People matter, but not like that

Taking the workforce seriously and treating people fairly and well is not served by mechanical approaches that hide as much reality as they purportedly reveal. Yet too often those proposing radical reform see the need to squeeze things that are by their nature hard to measure uncomfortably into a single box of a spreadsheet. That risks failing to do justice to the issues involved.

Their aim is an admirable desire to ensure a focus on fairness to stakeholders — in this case workers — and to drive long-term business success. Yet the approach is surely wrong-headed. Things absolutely need to change, but it would be best to focus on the areas where change can best be delivered and where it will have the greatest effect.

Two recent reports suggest specifically that investments in people be added to corporate balance sheets. One is in the US, Leo Strine’s Toward Fair and Sustainable Capitalism (see The Limited Responsibility Company), and the second in the UK, part of the British Academy’s Future of the Corporation work. This blog seeks to unpack these proposals, to the extent that they are clear, and test whether there is a better route to achieve their aims.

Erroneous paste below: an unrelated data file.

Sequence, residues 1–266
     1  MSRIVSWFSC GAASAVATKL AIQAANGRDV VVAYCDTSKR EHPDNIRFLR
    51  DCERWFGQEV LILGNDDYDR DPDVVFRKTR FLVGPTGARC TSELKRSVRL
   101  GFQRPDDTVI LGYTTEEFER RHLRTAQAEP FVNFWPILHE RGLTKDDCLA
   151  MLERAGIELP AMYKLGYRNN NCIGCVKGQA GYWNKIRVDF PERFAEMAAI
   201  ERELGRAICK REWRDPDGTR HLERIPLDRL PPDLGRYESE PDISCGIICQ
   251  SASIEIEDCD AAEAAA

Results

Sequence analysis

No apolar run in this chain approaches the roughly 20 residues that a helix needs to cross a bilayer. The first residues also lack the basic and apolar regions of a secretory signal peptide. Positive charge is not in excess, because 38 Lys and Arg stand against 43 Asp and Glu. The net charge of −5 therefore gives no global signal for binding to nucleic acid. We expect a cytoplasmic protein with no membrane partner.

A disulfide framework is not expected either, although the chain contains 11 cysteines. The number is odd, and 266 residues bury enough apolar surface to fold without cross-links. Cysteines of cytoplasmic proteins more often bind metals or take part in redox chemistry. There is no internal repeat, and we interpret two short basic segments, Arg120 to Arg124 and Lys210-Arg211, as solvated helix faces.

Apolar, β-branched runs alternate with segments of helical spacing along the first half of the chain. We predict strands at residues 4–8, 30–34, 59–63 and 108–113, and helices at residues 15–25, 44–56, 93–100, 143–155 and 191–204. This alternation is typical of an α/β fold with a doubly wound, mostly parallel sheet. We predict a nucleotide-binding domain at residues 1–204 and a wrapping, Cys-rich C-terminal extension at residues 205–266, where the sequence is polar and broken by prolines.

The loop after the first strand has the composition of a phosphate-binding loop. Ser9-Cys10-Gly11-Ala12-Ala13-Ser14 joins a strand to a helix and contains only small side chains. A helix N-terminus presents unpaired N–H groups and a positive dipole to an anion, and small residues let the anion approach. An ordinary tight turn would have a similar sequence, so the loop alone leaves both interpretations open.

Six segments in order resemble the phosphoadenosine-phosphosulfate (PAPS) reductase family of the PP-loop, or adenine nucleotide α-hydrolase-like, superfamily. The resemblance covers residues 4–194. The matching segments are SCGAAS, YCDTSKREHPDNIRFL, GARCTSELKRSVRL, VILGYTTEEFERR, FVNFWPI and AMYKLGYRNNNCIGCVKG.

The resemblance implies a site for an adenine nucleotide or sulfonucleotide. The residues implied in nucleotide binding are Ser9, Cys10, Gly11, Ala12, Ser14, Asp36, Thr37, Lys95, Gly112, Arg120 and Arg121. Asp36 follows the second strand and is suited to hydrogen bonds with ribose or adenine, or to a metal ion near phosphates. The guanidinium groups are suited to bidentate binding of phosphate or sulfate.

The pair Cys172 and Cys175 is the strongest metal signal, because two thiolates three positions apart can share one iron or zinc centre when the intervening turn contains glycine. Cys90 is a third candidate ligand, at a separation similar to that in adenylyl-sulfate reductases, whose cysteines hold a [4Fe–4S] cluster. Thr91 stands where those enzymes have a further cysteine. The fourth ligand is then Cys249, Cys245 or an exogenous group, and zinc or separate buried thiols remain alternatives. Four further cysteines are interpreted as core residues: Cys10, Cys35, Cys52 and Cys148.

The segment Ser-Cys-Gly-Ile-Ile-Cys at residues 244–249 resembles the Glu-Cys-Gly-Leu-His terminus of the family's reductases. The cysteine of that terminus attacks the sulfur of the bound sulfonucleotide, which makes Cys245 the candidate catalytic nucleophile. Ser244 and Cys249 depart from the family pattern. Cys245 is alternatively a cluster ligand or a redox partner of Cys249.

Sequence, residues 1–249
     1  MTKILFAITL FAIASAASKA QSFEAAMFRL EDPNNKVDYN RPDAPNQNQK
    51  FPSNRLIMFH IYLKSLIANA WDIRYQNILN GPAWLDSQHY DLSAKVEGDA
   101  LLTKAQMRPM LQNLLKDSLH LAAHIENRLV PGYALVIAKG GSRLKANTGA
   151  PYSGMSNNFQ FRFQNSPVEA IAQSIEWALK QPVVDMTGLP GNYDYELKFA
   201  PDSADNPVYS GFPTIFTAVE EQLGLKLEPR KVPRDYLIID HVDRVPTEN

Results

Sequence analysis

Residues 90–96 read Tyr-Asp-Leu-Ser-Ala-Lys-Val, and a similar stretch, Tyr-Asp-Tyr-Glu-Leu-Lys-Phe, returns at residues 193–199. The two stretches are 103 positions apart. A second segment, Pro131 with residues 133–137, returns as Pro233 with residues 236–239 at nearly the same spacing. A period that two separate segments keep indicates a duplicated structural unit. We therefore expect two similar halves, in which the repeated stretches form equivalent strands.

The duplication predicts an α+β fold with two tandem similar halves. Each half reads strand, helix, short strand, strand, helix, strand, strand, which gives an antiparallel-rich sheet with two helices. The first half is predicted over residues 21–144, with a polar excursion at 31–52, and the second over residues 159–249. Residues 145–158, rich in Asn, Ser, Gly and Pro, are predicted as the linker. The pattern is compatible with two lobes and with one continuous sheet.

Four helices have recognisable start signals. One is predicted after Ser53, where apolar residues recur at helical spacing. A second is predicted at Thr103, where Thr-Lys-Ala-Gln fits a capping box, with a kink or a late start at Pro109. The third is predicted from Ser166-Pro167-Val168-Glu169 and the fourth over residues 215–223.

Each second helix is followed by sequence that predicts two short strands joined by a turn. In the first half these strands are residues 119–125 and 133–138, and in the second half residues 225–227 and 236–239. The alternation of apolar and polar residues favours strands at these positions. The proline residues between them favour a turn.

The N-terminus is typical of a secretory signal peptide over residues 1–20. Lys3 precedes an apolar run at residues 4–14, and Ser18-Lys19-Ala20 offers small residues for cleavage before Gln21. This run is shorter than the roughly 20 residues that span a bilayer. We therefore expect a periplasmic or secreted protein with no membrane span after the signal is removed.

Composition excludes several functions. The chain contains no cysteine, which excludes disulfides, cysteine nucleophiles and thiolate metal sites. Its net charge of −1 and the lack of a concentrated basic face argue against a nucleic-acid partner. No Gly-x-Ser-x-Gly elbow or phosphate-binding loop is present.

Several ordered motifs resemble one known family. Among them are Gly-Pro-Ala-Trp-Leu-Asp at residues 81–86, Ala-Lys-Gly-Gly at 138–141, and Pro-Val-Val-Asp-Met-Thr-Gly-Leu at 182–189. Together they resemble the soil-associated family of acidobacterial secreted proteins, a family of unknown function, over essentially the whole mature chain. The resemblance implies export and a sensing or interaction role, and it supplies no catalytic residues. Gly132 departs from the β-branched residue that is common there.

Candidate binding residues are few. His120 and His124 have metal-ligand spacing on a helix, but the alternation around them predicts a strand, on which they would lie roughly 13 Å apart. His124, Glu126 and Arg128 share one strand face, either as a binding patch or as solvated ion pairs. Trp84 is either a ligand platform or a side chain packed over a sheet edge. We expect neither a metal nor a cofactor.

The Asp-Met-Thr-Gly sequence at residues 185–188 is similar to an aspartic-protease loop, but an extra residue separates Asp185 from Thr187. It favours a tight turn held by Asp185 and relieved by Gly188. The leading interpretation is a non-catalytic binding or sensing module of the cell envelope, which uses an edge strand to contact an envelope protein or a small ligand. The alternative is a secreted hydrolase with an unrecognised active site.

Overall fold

Strine is most explicit. One of his headline calls is: “Change accounting rules to treat investments in human capital like other long-term investments and require companies to disclose more information in narrative form about their human capital investments.” The second portion of this is unarguable, particularly in a US context where companies report little — mostly because they claim to feel constrained by litigation risks to disclose only what they are required by regulation to disclose. But the first portion is rather more debatable. In case there is any doubt about the proposal, the unnatural revolutionary later makes his meaning explicitly clear: 

“instruct the Financial Accounting Standards Board to revise generally accepted accounting principles to treat investments in human capital as capital expenditures like investments in plants, property, and equipment”

His intent is that investments in human capital should be capitalised on corporate balance sheets.

The Future of the Corporation’s proposal is less explicit — indeed a cynic might say that the bulk of its Principles for Purposeful Business is opaque and too high level to be meaningful — but appears to head in the same direction. It states that: “Measurement should recognise investment by companies in their workers, societies and natural assets both within and outside the firm.” The confusion of what is actually being proposed is shown by its call both for a “greater consensus … and standardisation of available information” and that “the board of a company should determine the firm-specific metrics against which fulfilment of purposes … can be evaluated”. How measures can be standardised and at the same time bespoke and company-specific is a mystery to me at least.

The intent of the Principles for Purposeful Business is made less opaque in one of its underlying papers, How to Measure Performance in a Purposeful Company? This states: